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I watched a dragonfly flying around in the air for quite some time yesterday morning at Occoquan Bay National Wildlife Refuge and was thrilled when it finally perched for a moment on some vegetation low to the ground. Initially I thought that it was a Wandering Glider, a migratory species that I had seen a few times previously at this wildlife refuge.

After I posted an image to a couple of Facebook dragonfly fora, I learned that the dragonfly was in fact not a Wandering Glider, but instead was a close relative, a Spot-winged Glider (Pantala hymenaea). I like the way that Kevin Munroe described this species on his website Dragonflies of Northern Virginia—”Along with the Wandering Glider, this is the albatross of the dragonfly world. Both species are highly-evolved for sustained, efficient flight, drifting over summer fields for hours, like sea birds over a green ocean.”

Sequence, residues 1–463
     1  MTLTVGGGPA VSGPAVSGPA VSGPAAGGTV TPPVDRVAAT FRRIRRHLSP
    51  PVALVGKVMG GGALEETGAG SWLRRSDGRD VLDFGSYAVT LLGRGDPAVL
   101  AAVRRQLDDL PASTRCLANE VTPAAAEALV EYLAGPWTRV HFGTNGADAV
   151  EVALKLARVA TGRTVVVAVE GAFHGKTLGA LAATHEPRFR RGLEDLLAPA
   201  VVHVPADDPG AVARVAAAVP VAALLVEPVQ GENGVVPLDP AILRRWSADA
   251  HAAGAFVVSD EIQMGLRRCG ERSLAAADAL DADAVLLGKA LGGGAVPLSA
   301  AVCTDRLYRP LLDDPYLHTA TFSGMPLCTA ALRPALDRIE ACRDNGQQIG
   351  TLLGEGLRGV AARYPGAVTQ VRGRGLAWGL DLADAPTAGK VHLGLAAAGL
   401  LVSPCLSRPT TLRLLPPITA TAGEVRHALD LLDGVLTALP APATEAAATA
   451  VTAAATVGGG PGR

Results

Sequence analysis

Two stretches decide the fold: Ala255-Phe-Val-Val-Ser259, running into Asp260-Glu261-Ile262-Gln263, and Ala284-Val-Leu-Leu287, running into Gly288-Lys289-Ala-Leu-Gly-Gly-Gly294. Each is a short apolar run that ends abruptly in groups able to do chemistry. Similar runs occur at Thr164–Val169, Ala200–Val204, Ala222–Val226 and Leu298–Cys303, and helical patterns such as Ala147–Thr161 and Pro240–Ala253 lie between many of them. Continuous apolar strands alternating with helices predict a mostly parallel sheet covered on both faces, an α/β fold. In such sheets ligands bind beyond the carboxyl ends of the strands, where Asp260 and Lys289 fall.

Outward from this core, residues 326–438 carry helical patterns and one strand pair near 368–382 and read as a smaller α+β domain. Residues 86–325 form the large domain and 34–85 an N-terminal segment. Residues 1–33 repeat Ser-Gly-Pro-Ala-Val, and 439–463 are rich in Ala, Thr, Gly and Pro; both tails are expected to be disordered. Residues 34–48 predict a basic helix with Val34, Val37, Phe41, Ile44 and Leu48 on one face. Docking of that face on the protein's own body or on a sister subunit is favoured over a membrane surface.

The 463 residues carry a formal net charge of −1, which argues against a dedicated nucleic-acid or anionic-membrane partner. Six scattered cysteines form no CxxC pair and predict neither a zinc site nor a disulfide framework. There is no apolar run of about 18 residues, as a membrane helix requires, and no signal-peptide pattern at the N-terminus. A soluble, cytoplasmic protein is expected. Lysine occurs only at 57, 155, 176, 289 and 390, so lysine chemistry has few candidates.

If you look closely at this dragonfly’s hind wings, you will see that they are broader and appear less fragile than those of many other dragonflies. According to Dennis Paulson in his book Dragonflies and Damselflies of the East, within the genus Pantala, “The very broad hindwings represent an important adaptation for gliding, as does the ability to deposit fat and then use it for energy during a long flight just as a migratory bird does.”

It boggles my mind to think of these tiny creatures migrating for hundreds and in some cases thousands of miles. Wow!

 

Spot-winged Glider

© Michael Q. Powell. All rights reserved.